If there were an “Oscar” for persistence, the Polish climbers on Nanga Parbat would deserve it. For more than 80 days now Tomasz, called “Tomek” Mackiewicz and his friends are already staying on the eight-thousander in Pakistan, still focussed on their great goal: the first winter ascent of the 8125-meter-high mountain. This weekend, they are climbing up again. On this Saturday Pawel Dunaj and Michal Obrycki should start – “to make a new track and to dig out the camp for Tomek, who will start with Jacek on Sunday,” we read on the Facebook page of the expedition “Justice for all”. So, obviously, Tomek Mackiewicz and Jacek Teler are to form the summit team at the fourth attempt.
Date8. March 2014 | 18:58
When, finally, will a piggy bank be placed in the editorial offices, into which everyone has to pay five Euros, who calls Mount Everest the “highest garbage dump in the world”? The money could then be donated to environmental projects in Nepal. These days, the phrase again was often used in the German press. And hardly anyone made the effort to look at this more closely. What has happened? There is a new rule to remove garbage from Everest, no more and no less.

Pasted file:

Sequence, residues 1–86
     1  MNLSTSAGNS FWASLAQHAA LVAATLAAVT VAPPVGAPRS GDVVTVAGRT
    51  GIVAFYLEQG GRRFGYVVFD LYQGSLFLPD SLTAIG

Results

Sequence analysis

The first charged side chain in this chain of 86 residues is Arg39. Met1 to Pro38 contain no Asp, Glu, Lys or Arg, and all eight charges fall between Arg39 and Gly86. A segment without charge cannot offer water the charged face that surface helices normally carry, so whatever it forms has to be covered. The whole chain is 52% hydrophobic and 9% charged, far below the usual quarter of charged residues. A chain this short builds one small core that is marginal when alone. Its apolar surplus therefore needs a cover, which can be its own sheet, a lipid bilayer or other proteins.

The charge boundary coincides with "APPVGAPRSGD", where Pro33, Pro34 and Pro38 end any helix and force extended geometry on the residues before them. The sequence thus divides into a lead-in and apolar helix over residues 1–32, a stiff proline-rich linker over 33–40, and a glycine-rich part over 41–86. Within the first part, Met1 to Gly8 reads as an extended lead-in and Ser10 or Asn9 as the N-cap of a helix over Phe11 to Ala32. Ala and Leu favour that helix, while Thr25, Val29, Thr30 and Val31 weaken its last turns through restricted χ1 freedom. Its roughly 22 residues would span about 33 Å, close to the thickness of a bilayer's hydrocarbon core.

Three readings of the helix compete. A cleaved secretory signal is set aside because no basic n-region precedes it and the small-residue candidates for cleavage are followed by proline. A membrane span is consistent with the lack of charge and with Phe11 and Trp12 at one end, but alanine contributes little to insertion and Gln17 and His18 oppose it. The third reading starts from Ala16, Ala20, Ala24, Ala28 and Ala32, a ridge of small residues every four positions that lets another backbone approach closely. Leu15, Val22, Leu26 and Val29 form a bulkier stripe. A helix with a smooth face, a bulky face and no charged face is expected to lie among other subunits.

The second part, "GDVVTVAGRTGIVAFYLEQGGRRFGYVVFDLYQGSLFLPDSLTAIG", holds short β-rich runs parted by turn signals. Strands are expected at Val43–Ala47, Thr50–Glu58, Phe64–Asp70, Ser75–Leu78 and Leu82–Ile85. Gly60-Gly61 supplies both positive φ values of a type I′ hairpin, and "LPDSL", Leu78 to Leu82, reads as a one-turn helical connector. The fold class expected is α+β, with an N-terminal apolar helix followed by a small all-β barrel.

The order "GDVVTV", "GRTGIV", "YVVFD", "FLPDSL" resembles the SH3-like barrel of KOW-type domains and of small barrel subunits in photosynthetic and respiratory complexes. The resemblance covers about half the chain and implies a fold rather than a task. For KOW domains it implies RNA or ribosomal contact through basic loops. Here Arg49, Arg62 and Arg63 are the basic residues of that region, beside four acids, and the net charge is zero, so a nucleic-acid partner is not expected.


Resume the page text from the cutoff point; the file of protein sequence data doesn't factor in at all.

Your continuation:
Date6. March 2014 | 12:22
TagsBurlakoti, climate change, Dawa Steven Sherpa, garbage, Mount Everest, Nepalese Tourism Ministry, new rules
David Goettler is not only a fast climber, but also a speed responder. After I had written the report about the failed summit attempt on Nanga Parbat, I sent an email with some questions to the 35-year-old climber in Pakistan. I really didn’t expect a rapid response, because David had just arrived back at base camp and should actually need time to recover. However, an hour later I got the acoustic signal for a new message. His answers are rather brief, writes Goettler, “I’m still half on the mountain ;-).” Read it for yourself!